The Top Three Components Your Medicare AWV Program Needs

July 27, 2021 /

AWV Program

Preventive care programs are difficult to administer. Succeeding in those programs with minimal help is a lofty goal that most are unable to attain. Even with Medicare guidelines and requirements to help providers stay on track, preventative programs rarely reach their potential without outside help. Why is this the case? It’s because practices don’t have the time or resources to devote to preventive programs like Annual Wellness Visits and Chronic Care Management. In order to maximize these programs, there are tools and processes that are necessary that most practices don’t have in place. Without these pieces to the puzzle, programs are likely to struggle and often fail altogether. Let’s explore the top components necessary to succeed with Annual Wellness Visit programs, one of CMS’ largest preventive care initiatives. 

Annual Wellness Visits (AWV) were designed by the Centers for Medicare and Medicaid Services to focus on identifying risk factors in Medicare patients. By identifying risk factors with an AWV, providers are able to address those risk factors which leads to improved patient outcomes and reduced healthcare spending. CMS offers general guidelines for Annual Wellness Visits, but barely scratches the surface on how to actually run a program. They primarily only provide a few general rules: 

  • AWVs can only be performed for eligible Medicare beneficiaries by one provider, one time per year.
  • AWVs must include documentation of routine measurements, such as blood pressure and body mass index.
  • AWVs cannot collect any coinsurance from the patient.
  • Eligible Medicare patients cannot have had an AWV within the past year.

Although these guidelines give providers a general framework for the program, they don’t help practice administrators or providers solve the complexities of integrating AWVs into their practice’s daily workflow. 

1. Eligibility Verification

In order to get an AWV program started, providers need to be able to establish who is eligible and who is not. One of the most important tools needed to run a successful AWV program is a way to efficiently and accurately identify eligible patients. Although CMS gives guidance on who is eligible for the initial AWV (also referred to as the “Welcome to Medicare”, the initial preventive physical examination, or IPPE) and subsequent AWV, they do not offer a best practice on how to check for eligibility. The most successful way to check for eligibility is to use a third-party software tool that checks against the HETS Medicare eligibility database, instantaneously. Without this kind of functionality, healthcare providers are likely to mistakenly perform Annual Wellness Visits on ineligible patients, or completely miss the opportunity to capture an AWV for an eligible patient whose information is not up-to-date in the EHR.

2. Health Risk Assessment

The AWV is very different from an Annual Physical. While the Annual Physical requires a physical exam during the visit, the AWV is more focused on the responses to a patient Health Risk Assessment (HRA). The HRA is arguably the most important part of the Annual Wellness Visit. It consists of a questionnaire that proposes a series of questions to the patient about their current health and medical history. These questions are able to capture important data about family history, activities of daily living, behavioral risks, functional ability, cognitive impairment, and more. From the HRA responses, a personalized prevention plan is formed and providers are able to assess risk factors, such as fall risk, and suggest appropriate, additional services for the patient, like fall prevention recommendation. There are several tertiary services that can be billed as a result of the AWV completion, including the most commonly added service, Advance Care Planning.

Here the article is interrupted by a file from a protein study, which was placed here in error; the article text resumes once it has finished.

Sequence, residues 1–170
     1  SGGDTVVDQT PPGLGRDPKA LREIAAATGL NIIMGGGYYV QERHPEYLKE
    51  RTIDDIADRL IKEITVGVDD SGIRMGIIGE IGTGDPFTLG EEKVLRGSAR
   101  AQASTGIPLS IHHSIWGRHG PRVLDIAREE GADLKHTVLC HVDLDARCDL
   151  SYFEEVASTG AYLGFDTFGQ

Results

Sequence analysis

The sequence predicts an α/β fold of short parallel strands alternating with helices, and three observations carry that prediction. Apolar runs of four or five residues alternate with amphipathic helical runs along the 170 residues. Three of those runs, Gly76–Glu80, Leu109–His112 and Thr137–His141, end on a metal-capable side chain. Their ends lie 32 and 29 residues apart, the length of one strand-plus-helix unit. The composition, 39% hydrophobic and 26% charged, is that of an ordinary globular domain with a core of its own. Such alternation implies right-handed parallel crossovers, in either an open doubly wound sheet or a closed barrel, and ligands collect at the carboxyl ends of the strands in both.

So what is the best format for the HRA to be successful as possible? A pencil and paper questionnaire is not only time-consuming to review the responses but also takes additional time to identify the relevant risk factors and compile them in a separate document. A better solution is to use a software-based HRA that automatically records the responses and uses programmed logic to administer appropriate follow-up questions. The software should then compile the HRA responses and generate an easily digestible risk factor report. Without this, your program is likely to be too time-consuming.

3. Reporting

The responses from the HRA are extremely important and useful to the current provider but can be a lot of information. That’s why it’s crucial for your AWV program to have the ability to take all the collected HRA data and organize it into easily digestible information for providers. The healthcare professional administering the AWV should not have to comb through pages of documents looking for care gaps that need to be addressed. AWV software that uses logic-based formulas that identify and prioritize care gap alerts for providers based on patient responses to HRA questions is a critical feature to any successful AWV program. 

Without these top three crucial components of an AWV program, your program is likely to struggle, resulting in worsened patient outcomes, less collected health information, and lower reimbursements that could benefit your practice. These three components combined are guaranteed to complement your practice workflow, no matter if you are a primary care provider, specialty, or even an urgent care clinic. If you are looking for an all-in-one solution that includes these components, look no further than ChartSpan’s AWV software solution, RapidAWV™. 

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